On the action front, though, it is strange that Hotel Artemis feels as subdued as it does as regards its own sense of internal rage. Whilst far from a bloodless PG-13, Pearce’s film never quite embeds itself as much in the hyperviolence of its world as you’d expect, or, rather, hope. It’s certainly no John Wick in that sense, and, though there is a decent share of world-building to kick things off, it’s quickly evident that this element of restraint is self-imposed by Pearce’s writing, rather than a by-product of now requisite franchise-creation. Hotel Artemis, incidentally, could easily garner itself a cheap and cheerful sequel or two, were there somehow a demand.

On the back of this pretty solid ninety minute actioner, that’s absolutely a consideration. The world it builds is fleshed out enough to intrigue, the cast are game for an intriguing balance of quirk and creepiness, and Pearce steps up to the director’s chair with unbroken confidence and a comic book sensibility that takes him deftly to the finish line. Stoker cinematographer Chung-hoon Chung astonishes as ever, and, while not his showiest work to date, Cliff Martinez’s score fleshes out the bonkers world of Hotel Artemis nicely.

Best aimed at those looking for another round of Smoking Aces-grade action – though, without quite the same singular ferocity – Hotel Artemis is a nice bit of bullet-laden fun with a lively cast and some slick visuals. It’ll never be one of the iconic points on the timeline of action cinema, but it’s a worthy stop-off on the way between the ones that are.

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Movie Reviews

Skyscraper ★★★★

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Released: 12th July 2018

Directed By: Rawson Marshall Thurber

Starring: Dwayne Johnson, Neve Campbell

Reviewed By: Van Connor

Be honest. Sooner or later, you knew The Rock was going to make Die Hard. It was inevitable. As he ascends higher and higher thought the upper echelons of the – increasingly spartan – Hollywood star system, this was always going to be coming. The only question really, was going to be whether or not it was going to be either any good, or even welcome in a world in which even a bonafide Die Hardsequel now typically ranks among the worst of whichever year it’s released in.

Alas, Dwayne Johnson is no Bruce Willis, and that quality control barrier could not be any clearer as Die Hard meets The Towering Inferno – with a dash of The Fugitive – for Skyscraper. Rawson Marshall Thurber’s adrenaline-fuelled ride takes DJ to China as amputee and former FBI tactical agent Will Sawyer, an American tasked with signing off on the security of The Pearl – the tallest building in the world. When terrorists seize The Pearl, however, Sawyer finds himself the subject of a Chinese manhunt and forced to find a way back into the building in order to save his wife and children from not only the terrorists seeking to fulfil their own agenda, but also to the out-of-control blaze that threatens to consume them all.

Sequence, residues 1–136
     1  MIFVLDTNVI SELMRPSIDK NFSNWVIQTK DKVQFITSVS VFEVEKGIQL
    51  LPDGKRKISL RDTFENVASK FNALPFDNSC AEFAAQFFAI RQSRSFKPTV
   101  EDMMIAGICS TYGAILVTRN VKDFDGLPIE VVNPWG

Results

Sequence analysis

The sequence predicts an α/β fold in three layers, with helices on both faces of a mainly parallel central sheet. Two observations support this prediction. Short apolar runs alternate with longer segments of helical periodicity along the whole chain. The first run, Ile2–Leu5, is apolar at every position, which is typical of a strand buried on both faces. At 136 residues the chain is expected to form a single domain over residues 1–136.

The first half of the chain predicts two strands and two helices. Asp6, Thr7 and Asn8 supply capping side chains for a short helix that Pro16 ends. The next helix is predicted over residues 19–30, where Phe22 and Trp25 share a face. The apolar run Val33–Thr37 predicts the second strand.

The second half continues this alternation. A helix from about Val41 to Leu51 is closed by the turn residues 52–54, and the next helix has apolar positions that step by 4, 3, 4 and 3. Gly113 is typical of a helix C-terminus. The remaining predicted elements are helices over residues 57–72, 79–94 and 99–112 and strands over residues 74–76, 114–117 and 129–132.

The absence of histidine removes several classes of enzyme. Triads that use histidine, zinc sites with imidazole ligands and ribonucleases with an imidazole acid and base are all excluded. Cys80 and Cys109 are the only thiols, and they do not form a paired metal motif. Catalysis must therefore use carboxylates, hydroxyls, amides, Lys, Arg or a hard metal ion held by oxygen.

Johnson’s played in the sort of arena on more than a few occasions now, with Skyscraper arguably skewing closest to San Andreas as regards the sort of tone and polished spectacle you’re in for. There are some offhand nods to more classical genre archetypes – hell, it makes more Die Hard references than Jake Peralta – and there’s the requisite degree of fistbumping and utilisation of the term “brother”, but those still unsure of what to expect can rest easy on the promise of what’s essentially an Irwin Allen movie with a Neal Moritz sensibility. It ain’t clever, it doesn’t want to be, it just wants you to sit on the edge of your seat and then cheer afterwards. Which you will. A lot.

Neve Campbell brings an impressive amount to what’s an already impressively sketched out female supporting character in Sawyer’s wife (take notes, Bedelia – that’s how you handle hostage takers), and Pablo Schreiber (Orange is the New Black) continues to make for an engaging added value element. Roland Møller, meanwhile, makes for a decent enough villain, but lacks the charisma needed to really sell the ludicrously named Kores Botha as much of an evil mastermind. Sure, he was never going to rival Hans Gruber on the scale of action movie villains, but Botha’s so thinly devised as a villain that he’s not up to the grade of Tommy Lee Jones’ Under Siege villain either. And that’s a real detriment when your action hero lead is someone as genuinely charismatic as Dwayne Johnson. Both Jeffrey Dean Morgan and Joe Manganiello took the wrong Rock movie, would be a decent takeaway.

In lieu of a captivating villain, Thurber nonetheless ensures value for money is had with a barrage of spectacle-fuelled set-pieces the likes of which will have you squirming in your seat biting your fist for dear life – IMAX could well inspire a sense of vertigo with this one. It’s a glossy-looking actioner – thanks to some smooth production design and slick visuals from cinematographer and Mission: Impossible alum Robert Elswit – and fight choreographer Allan Poppleton goes above and beyond to stage Johnson’s antics not as the all-powerful action commando, but a credible fighter dwarfed by the spectacle of what’s up against him.

It’s a good time for all. Sure, it’s in no way destined to become an enduring classic of the action genre – though, the spoilerific marketing campaign does well and truly show off what will become one of this summer’s more memorable movie moments – but it’s Die Hard on fire. With The Rock. In 2018. And if there’s an easier sell for a good time at the movies than that, it just means Dwayne Johnson has another movie out. In which case, still see Skyscraper first.